Volume 6, Issue 2 (Spring 2020)                   Caspian.J.Neurol.Sci 2020, 6(2): 94-99 | Back to browse issues page

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Rimaz S, Soleimani R, Khoshrang H, Emir Alavi C, Biazar G, Ahmadi M, et al . Electroconvulsive Therapy Side Effects in Recovery Ward: A Report From the North of Iran. Caspian.J.Neurol.Sci. 2020; 6 (2) :94-99
URL: http://cjns.gums.ac.ir/article-1-326-en.html
1- Department of Anesthesiology, Anesthesiology Research Center, Alzahra Hospital, Guilan University of Medical Sciences, Rasht, Iran
2- Department of Psychiatry, Kavosh Behavioral, Cognitive and Addiction Research Center, Shafa Hospital, Guilan University of Medical Sciences, Rasht, Iran
3- Razi Clinical Research Development Center, Guilan University of Medical Sciences, Rasht, Iran
4- 4. Student Research Committee, School of Medicine, Guilan University of Medical Sciences, Rasht, Iran
Abstract:   (302 Views)
Background: Today, Electroconvulsive Therapy (ECT) is used to manage many psychiatric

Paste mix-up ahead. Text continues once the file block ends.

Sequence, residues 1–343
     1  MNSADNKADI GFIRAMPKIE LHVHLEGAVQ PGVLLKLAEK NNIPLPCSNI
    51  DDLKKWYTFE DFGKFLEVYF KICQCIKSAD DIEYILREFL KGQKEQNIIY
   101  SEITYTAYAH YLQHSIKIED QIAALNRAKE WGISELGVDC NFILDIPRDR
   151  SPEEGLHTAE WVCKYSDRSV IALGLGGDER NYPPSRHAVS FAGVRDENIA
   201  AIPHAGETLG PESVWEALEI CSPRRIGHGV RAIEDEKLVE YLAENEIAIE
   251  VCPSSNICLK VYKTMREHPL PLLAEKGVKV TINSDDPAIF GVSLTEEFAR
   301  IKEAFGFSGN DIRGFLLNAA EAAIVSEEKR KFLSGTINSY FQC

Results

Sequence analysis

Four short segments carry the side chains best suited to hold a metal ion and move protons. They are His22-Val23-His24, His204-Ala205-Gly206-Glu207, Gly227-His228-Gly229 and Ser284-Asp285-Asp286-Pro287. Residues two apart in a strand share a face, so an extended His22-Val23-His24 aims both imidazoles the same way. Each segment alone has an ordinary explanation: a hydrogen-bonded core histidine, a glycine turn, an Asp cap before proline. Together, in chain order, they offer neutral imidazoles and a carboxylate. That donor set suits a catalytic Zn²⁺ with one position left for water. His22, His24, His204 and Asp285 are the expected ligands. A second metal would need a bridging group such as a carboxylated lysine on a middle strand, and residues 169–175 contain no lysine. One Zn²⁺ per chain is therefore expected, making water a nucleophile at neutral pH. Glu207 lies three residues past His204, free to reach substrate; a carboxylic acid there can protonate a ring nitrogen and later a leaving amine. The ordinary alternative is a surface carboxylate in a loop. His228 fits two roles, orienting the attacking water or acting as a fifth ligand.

illnesses. Although this treatment is safe and effective, sometimes it may cause frequent, short-term
Objectives: We investigated ECT-related side effects in the recovery ward of an academic hospital
in Iran.
Materials & Methods: This cross-sectional study was conducted at Shafa Hospital on 235 patients.
During the procedure, patients were monitored by electrocardiography, pulse oximetry, and noninvasive
blood pressure measurements. General anesthesia induction was performed by propofol
1-1.5 mg/kg followed by succinylcholine 0.5 mg/kg as a muscle relaxant. Airway control was
maintained by mask ventilation. After short hyperventilation, an electrical current was delivered to
the brain through two electrodes placed bilaterally on the temporal region, resulting in a seizure that
lasted between 20 to 60 seconds. A questionnaire, including demographic information and possible
complications, was filled out in the recovery ward. Data were analyzed an reported by frequency
reporting and t-test in SPSS software V. 20.
Results: Among 235 cases, 160 (68.1%) had at least one complication. A total of 53 patients (22.6%)
reported myalgia which was significantly higher in the male gender. Also, 89 patients (37.9%)
reported headache, 15 (6.4%) nausea, 7 (3%) shivering, and 84 (35.5%) pain at the injection site.
Male gender and younger people were more prone to myalgia.
Conclusion: We found that headache, myalgia, and pain in the injection site were the main patients’
reported complaints after ECT.
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Type of Study: Research | Subject: Special
Received: 2020/08/25 | Accepted: 2020/06/12 | Published: 2020/06/12

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